Seems foolish now ...
Prime Minister Dominique de Villepin was to meet police on Sunday afternoon and teachers from tough neighbourhoods to discuss how to respond to youths who have defied all appeals for calm from top officials and exasperated residents.and this:
"Villepin has consulted widely but has released no details to date of a promised action plan for 750 tough neighbourhoods.Promises, promises. In none of the reports I have seen has there been a single reference to a curfew, something I would have expected by at least Day 3. (Googling "curfew" in the news section brings up nothing on the first page outside India and the US.) The average Joes and Josephines in these riot torn areas have resorted to begging the rioters to stop, which says something about their opinion of success in appealing to the government to quell the disturbances.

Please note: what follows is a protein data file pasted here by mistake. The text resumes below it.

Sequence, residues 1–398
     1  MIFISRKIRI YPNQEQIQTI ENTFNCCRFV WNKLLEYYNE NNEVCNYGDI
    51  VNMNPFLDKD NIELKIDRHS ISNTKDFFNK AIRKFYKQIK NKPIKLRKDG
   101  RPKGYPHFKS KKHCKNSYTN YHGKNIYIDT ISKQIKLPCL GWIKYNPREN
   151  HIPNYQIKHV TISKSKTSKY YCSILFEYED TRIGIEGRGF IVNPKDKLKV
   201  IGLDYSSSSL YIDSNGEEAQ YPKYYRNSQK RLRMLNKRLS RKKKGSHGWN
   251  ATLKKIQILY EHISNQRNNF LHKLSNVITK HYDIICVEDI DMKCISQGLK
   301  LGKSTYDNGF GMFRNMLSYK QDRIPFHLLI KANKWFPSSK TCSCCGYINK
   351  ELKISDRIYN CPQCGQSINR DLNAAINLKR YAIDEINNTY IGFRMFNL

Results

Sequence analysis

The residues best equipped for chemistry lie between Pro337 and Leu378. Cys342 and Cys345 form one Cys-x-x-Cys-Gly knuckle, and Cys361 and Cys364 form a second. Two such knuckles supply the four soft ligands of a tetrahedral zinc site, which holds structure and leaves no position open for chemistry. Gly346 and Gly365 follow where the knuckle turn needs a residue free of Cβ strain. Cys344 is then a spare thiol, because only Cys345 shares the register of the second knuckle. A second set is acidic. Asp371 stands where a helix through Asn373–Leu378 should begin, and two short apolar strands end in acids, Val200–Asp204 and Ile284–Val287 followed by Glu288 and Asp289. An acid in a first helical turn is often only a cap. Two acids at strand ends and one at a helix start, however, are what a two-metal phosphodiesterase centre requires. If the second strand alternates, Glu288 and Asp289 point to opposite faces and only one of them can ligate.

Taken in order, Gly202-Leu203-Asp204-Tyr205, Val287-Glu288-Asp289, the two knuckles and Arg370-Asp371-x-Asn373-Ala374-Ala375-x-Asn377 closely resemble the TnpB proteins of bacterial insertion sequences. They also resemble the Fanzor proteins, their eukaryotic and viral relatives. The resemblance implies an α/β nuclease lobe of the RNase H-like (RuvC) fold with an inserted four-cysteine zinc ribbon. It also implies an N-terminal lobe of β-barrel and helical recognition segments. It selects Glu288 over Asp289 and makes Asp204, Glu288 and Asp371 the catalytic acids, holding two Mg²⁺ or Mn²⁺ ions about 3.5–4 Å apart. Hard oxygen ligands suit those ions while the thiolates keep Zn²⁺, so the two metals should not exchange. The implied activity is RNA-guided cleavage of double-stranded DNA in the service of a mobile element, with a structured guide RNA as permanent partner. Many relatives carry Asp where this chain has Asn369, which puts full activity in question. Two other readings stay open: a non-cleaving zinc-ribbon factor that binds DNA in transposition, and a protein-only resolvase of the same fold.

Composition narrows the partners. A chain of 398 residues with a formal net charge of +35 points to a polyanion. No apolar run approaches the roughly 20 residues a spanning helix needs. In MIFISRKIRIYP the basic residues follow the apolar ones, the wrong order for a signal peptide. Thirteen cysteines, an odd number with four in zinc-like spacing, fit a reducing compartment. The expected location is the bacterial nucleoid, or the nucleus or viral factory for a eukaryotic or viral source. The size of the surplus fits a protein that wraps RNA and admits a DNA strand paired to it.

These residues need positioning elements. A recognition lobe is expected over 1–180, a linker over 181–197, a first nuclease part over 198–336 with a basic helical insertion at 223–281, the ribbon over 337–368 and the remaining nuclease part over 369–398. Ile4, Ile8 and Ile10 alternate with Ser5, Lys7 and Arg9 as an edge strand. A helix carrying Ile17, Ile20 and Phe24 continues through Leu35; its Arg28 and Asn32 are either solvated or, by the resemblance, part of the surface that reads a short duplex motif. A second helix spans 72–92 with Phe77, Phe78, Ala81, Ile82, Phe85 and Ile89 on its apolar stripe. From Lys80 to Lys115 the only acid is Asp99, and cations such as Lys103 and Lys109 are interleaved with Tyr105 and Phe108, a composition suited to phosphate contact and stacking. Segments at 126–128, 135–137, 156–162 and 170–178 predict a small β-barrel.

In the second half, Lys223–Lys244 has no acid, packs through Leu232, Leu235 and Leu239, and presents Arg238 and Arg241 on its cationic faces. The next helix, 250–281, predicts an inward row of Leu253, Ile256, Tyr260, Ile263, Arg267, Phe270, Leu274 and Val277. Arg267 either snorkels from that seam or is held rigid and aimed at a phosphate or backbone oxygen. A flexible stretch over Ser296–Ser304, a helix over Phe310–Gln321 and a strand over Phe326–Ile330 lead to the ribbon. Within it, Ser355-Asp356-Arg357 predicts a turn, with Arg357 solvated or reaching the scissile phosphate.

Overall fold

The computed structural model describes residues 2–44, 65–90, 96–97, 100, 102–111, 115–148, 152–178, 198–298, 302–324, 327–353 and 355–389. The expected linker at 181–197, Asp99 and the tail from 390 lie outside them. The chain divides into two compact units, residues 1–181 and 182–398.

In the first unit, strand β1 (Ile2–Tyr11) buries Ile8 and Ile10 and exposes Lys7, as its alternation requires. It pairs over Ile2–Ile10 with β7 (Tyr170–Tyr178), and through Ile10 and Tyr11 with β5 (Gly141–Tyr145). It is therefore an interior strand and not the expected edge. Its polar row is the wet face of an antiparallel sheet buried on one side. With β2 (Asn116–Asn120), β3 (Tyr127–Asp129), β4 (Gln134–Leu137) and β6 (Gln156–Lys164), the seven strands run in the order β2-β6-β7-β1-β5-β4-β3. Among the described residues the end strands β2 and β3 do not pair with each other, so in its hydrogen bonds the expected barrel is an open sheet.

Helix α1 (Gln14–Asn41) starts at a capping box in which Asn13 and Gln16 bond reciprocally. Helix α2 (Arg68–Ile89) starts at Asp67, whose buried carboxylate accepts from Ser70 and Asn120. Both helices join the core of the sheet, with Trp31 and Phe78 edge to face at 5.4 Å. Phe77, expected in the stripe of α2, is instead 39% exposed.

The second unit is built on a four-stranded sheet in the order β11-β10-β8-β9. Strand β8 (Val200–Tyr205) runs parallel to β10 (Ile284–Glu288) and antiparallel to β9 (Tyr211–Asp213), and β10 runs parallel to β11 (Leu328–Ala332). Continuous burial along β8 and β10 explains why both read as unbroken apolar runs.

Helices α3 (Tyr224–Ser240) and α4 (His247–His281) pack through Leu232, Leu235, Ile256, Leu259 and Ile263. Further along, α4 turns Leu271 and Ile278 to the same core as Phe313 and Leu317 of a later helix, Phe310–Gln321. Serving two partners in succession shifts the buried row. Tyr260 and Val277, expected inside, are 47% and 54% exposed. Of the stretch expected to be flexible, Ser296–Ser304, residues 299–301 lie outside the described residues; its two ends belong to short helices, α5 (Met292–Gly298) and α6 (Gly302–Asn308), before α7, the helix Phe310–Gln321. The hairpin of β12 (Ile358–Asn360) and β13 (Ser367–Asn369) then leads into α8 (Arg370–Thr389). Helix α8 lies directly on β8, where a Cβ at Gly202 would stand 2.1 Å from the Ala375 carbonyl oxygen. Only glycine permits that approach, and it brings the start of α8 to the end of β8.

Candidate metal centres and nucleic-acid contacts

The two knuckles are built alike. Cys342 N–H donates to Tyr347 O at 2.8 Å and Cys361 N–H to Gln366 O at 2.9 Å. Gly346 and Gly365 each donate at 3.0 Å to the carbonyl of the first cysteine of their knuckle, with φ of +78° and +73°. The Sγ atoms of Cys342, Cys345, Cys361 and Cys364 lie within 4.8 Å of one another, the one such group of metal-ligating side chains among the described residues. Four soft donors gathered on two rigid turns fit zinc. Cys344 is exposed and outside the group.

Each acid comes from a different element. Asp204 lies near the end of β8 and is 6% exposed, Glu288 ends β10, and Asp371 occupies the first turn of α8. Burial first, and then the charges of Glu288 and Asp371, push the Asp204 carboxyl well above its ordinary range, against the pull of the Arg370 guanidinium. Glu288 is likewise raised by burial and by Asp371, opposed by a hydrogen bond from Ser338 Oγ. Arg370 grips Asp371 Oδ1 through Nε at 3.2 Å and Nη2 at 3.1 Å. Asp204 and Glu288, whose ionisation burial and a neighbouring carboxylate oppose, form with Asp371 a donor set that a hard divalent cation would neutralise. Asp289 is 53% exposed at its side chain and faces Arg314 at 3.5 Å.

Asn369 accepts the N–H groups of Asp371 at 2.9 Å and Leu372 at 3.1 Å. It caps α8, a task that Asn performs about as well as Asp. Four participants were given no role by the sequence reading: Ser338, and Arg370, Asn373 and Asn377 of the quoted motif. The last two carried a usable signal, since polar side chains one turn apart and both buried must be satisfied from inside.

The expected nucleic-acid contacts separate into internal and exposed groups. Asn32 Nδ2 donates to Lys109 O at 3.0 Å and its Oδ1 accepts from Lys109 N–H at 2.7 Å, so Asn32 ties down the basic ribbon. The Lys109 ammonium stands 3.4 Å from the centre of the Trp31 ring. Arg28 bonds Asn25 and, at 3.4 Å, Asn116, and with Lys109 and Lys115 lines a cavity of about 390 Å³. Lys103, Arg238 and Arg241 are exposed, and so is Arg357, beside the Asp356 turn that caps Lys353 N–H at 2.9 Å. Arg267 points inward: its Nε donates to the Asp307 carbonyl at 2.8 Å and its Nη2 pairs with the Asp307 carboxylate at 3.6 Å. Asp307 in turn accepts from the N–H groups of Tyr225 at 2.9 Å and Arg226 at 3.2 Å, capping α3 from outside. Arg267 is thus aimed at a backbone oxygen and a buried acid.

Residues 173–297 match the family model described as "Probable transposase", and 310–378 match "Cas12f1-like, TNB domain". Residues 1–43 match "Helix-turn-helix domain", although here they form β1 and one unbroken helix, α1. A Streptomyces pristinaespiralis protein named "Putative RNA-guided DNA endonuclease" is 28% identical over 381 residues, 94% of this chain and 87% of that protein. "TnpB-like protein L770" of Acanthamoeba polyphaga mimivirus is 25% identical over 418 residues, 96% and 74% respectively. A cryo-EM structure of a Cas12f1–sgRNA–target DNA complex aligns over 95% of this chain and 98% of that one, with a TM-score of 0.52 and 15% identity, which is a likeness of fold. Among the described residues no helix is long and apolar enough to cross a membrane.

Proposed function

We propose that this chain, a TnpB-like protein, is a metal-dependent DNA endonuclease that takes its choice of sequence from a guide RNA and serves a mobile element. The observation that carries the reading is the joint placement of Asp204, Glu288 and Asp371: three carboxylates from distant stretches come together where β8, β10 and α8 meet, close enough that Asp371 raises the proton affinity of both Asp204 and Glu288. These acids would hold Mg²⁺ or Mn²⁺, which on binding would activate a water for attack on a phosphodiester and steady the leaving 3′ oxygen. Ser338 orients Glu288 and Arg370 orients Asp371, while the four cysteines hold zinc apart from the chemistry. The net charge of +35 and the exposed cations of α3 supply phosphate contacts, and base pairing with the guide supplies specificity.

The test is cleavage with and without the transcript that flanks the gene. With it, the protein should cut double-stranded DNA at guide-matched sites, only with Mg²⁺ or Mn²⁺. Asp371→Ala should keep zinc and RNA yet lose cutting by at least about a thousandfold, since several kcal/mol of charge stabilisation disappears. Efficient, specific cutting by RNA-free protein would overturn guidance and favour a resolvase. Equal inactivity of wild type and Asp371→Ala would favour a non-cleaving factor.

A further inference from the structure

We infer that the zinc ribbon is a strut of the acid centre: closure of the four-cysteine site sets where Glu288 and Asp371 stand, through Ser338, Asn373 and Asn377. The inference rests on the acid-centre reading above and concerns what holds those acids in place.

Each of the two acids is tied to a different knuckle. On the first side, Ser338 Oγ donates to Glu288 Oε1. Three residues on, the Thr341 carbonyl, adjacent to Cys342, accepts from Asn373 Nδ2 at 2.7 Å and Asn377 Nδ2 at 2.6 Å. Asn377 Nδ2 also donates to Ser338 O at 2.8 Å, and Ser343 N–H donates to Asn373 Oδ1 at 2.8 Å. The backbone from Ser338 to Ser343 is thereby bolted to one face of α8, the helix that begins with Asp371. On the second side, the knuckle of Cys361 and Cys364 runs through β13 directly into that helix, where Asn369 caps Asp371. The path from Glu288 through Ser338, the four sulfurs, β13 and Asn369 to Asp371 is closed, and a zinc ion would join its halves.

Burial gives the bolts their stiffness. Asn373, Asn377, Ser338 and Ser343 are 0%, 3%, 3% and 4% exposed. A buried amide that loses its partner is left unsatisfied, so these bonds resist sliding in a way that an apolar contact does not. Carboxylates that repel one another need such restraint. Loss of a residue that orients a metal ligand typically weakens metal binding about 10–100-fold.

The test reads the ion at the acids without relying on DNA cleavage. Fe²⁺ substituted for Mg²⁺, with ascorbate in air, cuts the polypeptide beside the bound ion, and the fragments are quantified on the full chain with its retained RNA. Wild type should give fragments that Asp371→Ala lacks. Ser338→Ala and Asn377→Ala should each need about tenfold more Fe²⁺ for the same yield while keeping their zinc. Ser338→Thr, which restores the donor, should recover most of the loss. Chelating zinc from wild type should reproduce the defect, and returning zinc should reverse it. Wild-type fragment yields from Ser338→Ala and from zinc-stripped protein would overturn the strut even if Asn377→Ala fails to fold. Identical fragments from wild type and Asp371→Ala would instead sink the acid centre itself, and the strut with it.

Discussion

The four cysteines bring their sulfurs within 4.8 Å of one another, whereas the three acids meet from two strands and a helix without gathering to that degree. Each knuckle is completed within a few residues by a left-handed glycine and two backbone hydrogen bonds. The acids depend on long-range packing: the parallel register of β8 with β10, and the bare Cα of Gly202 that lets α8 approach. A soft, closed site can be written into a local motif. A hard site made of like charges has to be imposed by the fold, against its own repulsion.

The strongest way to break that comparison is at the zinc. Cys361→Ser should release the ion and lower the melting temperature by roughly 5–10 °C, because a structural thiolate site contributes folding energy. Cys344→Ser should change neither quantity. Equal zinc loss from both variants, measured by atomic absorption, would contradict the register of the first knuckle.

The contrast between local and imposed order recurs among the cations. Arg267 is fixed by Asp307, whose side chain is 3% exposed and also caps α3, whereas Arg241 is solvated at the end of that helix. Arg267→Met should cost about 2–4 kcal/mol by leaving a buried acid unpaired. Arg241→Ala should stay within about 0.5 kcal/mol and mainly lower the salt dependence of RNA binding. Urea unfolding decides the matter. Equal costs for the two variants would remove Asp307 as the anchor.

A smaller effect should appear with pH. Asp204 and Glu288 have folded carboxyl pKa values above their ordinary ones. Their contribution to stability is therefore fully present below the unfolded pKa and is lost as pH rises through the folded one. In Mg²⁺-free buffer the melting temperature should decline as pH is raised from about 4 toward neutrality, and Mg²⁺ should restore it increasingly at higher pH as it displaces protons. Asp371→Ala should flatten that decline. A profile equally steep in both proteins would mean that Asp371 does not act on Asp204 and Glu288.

"I'll make proposals as early as this week," the weekly Journal du Dimanche quoted him as saying."
It almost makes you wonder how much the rioters are paying in bribes.
Update: This blurb:
"Seven police helicopters buzzed over the Paris region through the night, filming disturbances and directing mobile squads to incidents. Police made 349 arrests and an extra 2,300 officers have been drafted in."in the same article piqued my interest and I wondered how big the Paris police force actually is. Doing some googling hasn't uncovered it yet but I did run across this blurb in a Detroit Free Press article relating to the 2000 New Year's Eve celebration:
"The entire Paris police force and borrowed riot troops -- 24,000 in all -- were out to keep the millions of revelers safe. And because it was Paris, food and drink prevailed."